Posted Thursday, June 21, 2012 9:55 AM | Contributed by Jeff
Charlie Gobel, a senior vice president at a major investment firm, recently published a memoir detailing their journey through 2010 and hundreds of coasters, "Flying with Frankie: Three Hundred Days in Amusement Parks Riding Roller Coasters with My Son." Journal entries are interspersed throughout the memoir, and Charlie includes many pictures of the two of them. There's plenty of personal information; although he never mentions his ex-wife by name, he gives her a lot of credit for letting them go on these trips and being very understanding. The two have a "great rapport now," says Charlie.
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A story that begins with a five-year-old being too short to ride a coaster but the dad letting him ride anyways? Blaming the ride operators for missing him?
Oh Lord. Call the authorities...
As someone who has had mostly crappy family relationships, I think it's a nice story.
I suspect you have never worked at an amusement park before, Vater.
It's not THAT big of a deal, I suppose. Perhaps this story would have been a lot shorter if he had fell out. lolLast edited by LostKause, Thursday, June 21, 2012 11:56 AM
No, I haven't, and I'd like to think that even if I had, I wouldn't single that tidbit out of the story as something worth commenting on. But then I forget that as coaster enthusiasts, we should focus on everything but the enthusiasm for coasters.
I thought the story was really nice, too. I've been fortunate to have a close relationship with my folks, so the thought I had while reading it was that I hope my kids and I are that close when we're older. And just as importantly, that I'm not divorced...Last edited by Vater, Thursday, June 21, 2012 12:27 PM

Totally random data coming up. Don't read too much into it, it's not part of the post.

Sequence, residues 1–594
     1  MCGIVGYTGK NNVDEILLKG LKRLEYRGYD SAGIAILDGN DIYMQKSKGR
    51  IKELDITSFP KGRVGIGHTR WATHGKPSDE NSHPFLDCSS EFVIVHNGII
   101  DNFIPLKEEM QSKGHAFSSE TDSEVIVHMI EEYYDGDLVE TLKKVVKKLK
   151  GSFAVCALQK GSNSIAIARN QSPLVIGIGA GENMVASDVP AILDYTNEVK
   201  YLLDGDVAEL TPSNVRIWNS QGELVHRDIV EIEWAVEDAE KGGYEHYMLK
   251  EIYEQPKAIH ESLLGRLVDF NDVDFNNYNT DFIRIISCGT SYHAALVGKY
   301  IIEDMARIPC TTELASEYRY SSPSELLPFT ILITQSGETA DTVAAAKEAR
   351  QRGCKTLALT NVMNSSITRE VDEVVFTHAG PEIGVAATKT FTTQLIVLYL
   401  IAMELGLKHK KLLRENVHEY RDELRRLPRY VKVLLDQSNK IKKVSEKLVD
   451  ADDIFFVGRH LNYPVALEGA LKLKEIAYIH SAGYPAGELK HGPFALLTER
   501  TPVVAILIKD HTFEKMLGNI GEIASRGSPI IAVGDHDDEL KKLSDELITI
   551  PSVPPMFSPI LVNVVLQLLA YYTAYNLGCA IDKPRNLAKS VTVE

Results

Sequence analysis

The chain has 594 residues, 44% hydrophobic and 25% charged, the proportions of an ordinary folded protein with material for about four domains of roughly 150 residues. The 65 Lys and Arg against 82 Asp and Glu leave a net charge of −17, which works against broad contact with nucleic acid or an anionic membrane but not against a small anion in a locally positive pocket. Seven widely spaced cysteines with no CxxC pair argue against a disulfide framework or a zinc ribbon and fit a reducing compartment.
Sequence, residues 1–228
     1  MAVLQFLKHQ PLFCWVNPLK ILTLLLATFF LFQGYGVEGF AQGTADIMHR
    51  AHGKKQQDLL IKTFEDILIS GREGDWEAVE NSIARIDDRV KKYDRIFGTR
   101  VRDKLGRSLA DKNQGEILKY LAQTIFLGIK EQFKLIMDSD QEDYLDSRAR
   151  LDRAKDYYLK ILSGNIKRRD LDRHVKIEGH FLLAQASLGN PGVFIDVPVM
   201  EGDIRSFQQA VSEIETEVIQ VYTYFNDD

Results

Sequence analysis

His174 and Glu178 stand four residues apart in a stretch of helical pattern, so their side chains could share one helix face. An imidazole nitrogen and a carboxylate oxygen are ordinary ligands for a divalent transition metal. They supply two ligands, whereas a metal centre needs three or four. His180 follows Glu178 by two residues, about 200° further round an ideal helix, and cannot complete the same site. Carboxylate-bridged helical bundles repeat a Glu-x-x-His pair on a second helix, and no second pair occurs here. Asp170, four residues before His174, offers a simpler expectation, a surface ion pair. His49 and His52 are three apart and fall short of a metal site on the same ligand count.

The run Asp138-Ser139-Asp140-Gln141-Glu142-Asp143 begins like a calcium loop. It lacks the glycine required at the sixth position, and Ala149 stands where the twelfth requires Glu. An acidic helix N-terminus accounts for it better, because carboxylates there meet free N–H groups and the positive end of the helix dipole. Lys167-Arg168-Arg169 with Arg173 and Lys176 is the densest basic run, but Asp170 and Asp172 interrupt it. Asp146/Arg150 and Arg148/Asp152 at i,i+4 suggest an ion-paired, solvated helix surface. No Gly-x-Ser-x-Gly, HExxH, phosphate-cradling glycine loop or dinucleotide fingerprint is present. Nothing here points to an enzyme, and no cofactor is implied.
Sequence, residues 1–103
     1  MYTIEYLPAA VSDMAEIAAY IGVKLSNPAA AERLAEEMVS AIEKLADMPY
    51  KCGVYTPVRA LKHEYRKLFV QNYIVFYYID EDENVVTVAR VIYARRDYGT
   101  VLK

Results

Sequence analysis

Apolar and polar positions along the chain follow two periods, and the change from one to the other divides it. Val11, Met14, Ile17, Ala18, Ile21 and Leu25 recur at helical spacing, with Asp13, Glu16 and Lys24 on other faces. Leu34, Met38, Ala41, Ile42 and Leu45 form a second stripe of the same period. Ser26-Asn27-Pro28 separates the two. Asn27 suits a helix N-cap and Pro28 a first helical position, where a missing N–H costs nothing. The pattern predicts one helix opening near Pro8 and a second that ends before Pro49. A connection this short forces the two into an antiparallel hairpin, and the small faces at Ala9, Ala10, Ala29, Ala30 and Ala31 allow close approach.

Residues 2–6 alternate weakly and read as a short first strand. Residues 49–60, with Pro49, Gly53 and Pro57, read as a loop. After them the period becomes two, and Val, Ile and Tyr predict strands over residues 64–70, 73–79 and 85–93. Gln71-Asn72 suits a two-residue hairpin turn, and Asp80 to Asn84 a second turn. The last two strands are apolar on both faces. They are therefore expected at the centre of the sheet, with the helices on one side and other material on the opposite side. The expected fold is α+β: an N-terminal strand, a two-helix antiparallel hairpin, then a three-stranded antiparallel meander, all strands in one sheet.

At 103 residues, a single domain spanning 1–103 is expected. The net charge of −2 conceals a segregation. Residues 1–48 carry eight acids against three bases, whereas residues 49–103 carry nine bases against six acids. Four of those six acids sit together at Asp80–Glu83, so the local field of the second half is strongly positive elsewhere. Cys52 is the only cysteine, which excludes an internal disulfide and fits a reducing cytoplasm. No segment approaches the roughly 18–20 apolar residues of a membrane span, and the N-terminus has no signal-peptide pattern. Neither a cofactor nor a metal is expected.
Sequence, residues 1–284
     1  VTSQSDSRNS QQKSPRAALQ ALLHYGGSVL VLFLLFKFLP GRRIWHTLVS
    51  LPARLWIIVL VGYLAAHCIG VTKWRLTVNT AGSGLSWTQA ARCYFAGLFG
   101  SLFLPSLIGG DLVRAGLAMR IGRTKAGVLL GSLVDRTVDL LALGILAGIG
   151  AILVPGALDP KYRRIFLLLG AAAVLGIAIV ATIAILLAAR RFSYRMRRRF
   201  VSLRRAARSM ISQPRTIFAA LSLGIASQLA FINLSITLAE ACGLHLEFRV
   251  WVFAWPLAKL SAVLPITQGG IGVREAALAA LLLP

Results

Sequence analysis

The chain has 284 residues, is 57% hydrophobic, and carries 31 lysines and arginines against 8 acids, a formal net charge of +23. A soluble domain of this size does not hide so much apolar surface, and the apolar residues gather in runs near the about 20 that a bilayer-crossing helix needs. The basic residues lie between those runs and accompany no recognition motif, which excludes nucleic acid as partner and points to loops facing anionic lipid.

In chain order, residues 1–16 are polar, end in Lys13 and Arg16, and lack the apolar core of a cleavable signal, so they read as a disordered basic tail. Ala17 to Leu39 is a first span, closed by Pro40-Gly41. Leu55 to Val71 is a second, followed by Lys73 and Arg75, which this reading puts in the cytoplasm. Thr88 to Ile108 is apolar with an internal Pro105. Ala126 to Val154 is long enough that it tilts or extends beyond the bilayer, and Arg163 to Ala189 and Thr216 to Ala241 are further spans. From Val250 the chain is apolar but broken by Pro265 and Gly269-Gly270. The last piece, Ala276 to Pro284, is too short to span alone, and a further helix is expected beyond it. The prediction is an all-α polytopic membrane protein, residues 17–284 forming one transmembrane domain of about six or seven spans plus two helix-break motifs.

It's not THAT big of a deal, I suppose. Perhaps this story would have been a lot shorter if he had fell out. lol
There are so many times that I read comments on this site and think to myself, "I shouldn't laugh...that's so wrong..." and then I laugh anyway. This was one of those. Here I was, all feeling mushy and sentimental and wanting to buy this book, and then I start reading the comments...
"Look at us spinning out in the madness of a roller coaster" - Dave Matthews Band
Father-son stories get to me every time. Like you, Jeff, a background of mostly crappy family relationships probably fuels this, but I found it pretty touching. It can be difficult, to say the least, for a father to find ways to connect to a son he is terrified of losing contact with after going through a divorce, and I think this is actually a solution my brain would come up with if put into the same situation.
I'm the opposite. Father /Son stories piss me off because of my crappy non-relationship with my father. I have issues, I suppose. lol
Mine has never been great, which was kind of my point. I'm happy to see others have a better experience, especially in those negative circumstances. I feel even more strongly as I try to be a good dad.
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